I start doing all this in my studio in Brooklyn. Going through the songs and listening to them, and just doing the voice alone with percussion. When I started working with David Donatien, the producer, I asked him “what do you need?” and he said “just send me the voice.” He himself was a percussion player, he’s the husband of Yael Naim. So we worked together on the rhythm. As a percussion player from the French West Indies, we had the same kind of thinking: why replicate salsa? Let’s start with the forefront: the African rhythm. So that’s how we did it.
“The point is to bring back the core of African music that has always been part of salsa, always, for a long time.”
How did you make your song selections?
It was difficult man, the repertoire of Celia Cruz is vast. But I always chose based on my guts. There are a couple of songs that we play on stage… “Toro Mata,” “La Vida es un Carnival,” “Quimbara,” “Cucala.” For all the rest I wanted to go back real deep to the ’40s, ’50s. Those few songs with Matancera that she was doing with an African rhythm. I wanted to bring in different instruments also. There’s a Tinariwen style guitar for a song where she’s talking about the desert. There are udus, sounds of nature, a lot of stuff that I bring in to create the atmosphere of when we played the music in Africa, basically.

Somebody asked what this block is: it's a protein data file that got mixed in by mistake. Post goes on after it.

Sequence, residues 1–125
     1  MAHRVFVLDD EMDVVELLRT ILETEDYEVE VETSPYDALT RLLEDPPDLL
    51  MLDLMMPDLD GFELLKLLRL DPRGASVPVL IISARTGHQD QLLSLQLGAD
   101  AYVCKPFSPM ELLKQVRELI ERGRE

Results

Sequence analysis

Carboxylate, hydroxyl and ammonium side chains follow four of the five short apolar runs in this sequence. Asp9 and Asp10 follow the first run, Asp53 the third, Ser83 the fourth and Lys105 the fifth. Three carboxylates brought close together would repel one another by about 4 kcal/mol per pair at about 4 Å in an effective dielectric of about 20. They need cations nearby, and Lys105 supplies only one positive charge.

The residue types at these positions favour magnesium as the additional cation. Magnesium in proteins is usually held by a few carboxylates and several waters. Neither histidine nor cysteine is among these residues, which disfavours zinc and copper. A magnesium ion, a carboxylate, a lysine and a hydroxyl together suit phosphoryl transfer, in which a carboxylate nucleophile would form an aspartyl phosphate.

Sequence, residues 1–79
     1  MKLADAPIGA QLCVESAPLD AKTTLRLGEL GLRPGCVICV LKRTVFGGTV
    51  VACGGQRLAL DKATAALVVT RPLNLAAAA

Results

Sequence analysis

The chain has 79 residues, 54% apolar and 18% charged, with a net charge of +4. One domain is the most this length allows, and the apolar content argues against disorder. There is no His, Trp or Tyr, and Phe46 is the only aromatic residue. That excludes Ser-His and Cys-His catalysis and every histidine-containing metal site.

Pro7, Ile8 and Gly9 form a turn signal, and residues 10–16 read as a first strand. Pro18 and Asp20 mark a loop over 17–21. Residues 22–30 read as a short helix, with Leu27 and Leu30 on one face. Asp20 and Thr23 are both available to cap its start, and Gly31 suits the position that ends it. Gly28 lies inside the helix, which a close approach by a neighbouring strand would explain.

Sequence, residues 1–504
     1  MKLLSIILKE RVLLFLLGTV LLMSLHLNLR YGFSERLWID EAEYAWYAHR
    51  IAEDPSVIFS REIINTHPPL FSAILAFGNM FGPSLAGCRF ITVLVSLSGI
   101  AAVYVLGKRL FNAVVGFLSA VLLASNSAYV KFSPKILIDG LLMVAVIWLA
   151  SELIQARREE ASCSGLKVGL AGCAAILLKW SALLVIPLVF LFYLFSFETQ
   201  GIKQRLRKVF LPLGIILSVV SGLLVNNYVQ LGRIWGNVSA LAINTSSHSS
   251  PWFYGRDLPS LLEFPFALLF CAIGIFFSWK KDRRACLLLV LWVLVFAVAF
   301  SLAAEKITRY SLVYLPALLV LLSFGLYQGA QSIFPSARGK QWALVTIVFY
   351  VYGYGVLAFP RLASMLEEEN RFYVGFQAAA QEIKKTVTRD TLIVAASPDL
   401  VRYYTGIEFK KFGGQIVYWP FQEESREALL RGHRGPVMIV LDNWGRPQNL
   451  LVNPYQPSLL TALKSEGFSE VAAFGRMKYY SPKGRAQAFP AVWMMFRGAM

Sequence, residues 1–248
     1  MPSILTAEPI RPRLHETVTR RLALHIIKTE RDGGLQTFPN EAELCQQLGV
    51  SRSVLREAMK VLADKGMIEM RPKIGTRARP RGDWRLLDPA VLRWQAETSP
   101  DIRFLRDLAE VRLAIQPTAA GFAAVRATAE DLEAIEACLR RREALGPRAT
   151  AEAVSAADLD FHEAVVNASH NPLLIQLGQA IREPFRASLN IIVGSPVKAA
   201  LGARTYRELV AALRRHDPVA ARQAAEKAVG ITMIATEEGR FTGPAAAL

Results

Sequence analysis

You worked with Shabaka Hutchings & Sons of Kemet on the album?
Oh yeah. I think that David Donatien played me a song from them. I said “Can we have them on the album?” They came all the way from London, and then we sang.
Photograph: Angelique Kidjo by ActiveSteve